Get a handle on subscription services and monthly payments
If you’re an older Gen Zer, you may have vague memories from about a decade ago when subscriptions weren’t the normal, done thing. Back then the typical consumer maybe had an account with Spotify or Netflix at most.
Today it’s an entirely different story, with every company under the sun launching its own monthly service to try and get a slice of the pie. Having all of these options is great, but it has become incredibly easy to rack up monthly payments without even realising how much you’re spending.
Say you have a Disney Plus, Amazon Prime, Netflix, Spotify, and PlayStation Plus subscription. That’s totalling upwards of £50 a month before even considering a phone contract, which usually cost around £30 – £40, or novelty items like Dollar Shave Club or Adobe Creative Cloud. Regular bills for these services can quickly wind up being over £100 – which is probably a bit too expensive for the average person.
Take the time to check through bank statements and ensure there aren’t any forgotten subscriptions from yesteryear floating about. One I’d particularly recommend looking out for is old phone insurance coverage schemes, as most don’t automatically cancel with a phone contract and will need to be done separately.
Use challenger banks like Monzo to better understand where money goes
We’ve written about the rise of challenger banks with Gen Zers before, and they’re particularly useful if you’re keen to know where regular income is actually going. Banks like Monzo or Revolut are digital-only, but they allow for quick transactions and simple, no-nonsense budgeting.
They’re a good option for those who are eager to reduce how much they spend and alter their day-to-day behaviours. Challenger banks allow users to see what’s most expensive – like groceries, eating out, or bills, for example – and in some cases can even suggest ways to save money based on personal data. Money can be moved around easily too and bank apps will show a detailed history of every place and time a card was used within the last year or so.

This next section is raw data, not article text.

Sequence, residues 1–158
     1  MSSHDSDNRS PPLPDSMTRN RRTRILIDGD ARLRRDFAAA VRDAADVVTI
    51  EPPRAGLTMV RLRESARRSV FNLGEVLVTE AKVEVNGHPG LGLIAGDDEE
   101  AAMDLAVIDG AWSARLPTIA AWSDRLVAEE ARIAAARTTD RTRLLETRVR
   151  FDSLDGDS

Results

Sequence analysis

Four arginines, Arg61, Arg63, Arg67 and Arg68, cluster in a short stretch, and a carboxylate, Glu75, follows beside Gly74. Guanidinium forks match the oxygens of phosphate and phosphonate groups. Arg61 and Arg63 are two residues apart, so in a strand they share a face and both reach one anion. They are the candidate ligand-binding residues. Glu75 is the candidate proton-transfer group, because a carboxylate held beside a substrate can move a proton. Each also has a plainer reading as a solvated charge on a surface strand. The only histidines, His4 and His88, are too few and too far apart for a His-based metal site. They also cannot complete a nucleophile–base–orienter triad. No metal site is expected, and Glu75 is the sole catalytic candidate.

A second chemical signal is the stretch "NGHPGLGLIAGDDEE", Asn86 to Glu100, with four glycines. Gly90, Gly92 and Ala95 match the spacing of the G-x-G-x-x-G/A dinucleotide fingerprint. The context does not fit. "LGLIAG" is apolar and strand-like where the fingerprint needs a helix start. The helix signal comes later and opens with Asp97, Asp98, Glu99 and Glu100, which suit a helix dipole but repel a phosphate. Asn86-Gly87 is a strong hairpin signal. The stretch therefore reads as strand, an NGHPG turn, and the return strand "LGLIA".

It’s worth mentioning here that we’re not affiliated with or sponsored by any challenger banks, just in case you were wondering.
Keep an eye out for reduced, vintage, or second hand items
I realise many of us are now confined to our homes once again, but reduced or re-used items are a great way to save money on everyday products, especially at local supermarkets.
Check clearance shelves, look for pre-owned items, and keep an eye on membership schemes. Admittedly Gen Z are less likely than others to tap into loyalty reward cards but they can help to save if you pick one up for somewhere you visit regularly. Sometimes shops will even have food bins that offer items for free – so be sure to keep tabs on places that dish out the cheapest items.
Resales and peer-to-peer marketplaces are also excellent sources of affordable and unique products. Young consumers are already redefining what we associate to be ‘vintage’ with apps like Depop, so chances are you probably already know all about independent art and clothing sites. If not, I’d recommend looking at Etsy as a starting point for unique alternatives to more expensive mainstream brands.
Give yourself a monthly ‘extra spends’ budget
It might seem a bit arbitrary to suggest this one, but consciously budgeting extra outgoings each month can make a huge difference in the amount of money saved. Dedicating a small sum to going out, takeaways, or items like clothes and video games can help to keep the cash splashing to a minimum.
Emotional spending to alleviate feelings of anxiety or depression is a very real thing. In fact, as the mental health charity Mind explains, financial security and money spending are both intrinsically tied our general wellbeing. We tend to buy new, exciting items as a way to feel a brief ‘high’, and this can have damaging repercussions on our long-term finances.
This is particularly poignant as lockdowns return and online spending sores. We’re at home nearly all the time – which means a greater impulse to buy what we don’t need. Actively recognising why you’re buying something and limiting the amount you do spend on extra items or services will help to keep things under control.
Establish flexible long-term goals to keep motivated
Speaking of budgeting, it’s a good idea to have some notion of long-term finance goals, however ambiguous they may be. Consider how long you want to save for and why.
Is it to eventually buy a mortgage and get onto the property ladder, or is it to go travelling when COVID-19 finally pipes down? Having a motivation and purpose for saving will help to stick to a plan in the long run. It’s worth writing down how much cash you want to have in the bank in five, ten, or even twenty years.
Remember that time frames and situations change, so allow wiggle room and accept that it may not be possible to rigidly stick to anything over time. Simply having that mental framework is a great start. It doesn’t need to be a huge life plan, either – it could simply be to save up for a big purchase like a PlayStation 5. Which sounds dope, quite frankly.
For more money guidance visit the Citizen Advice website here, or visit the Money Advice Service hotline page here.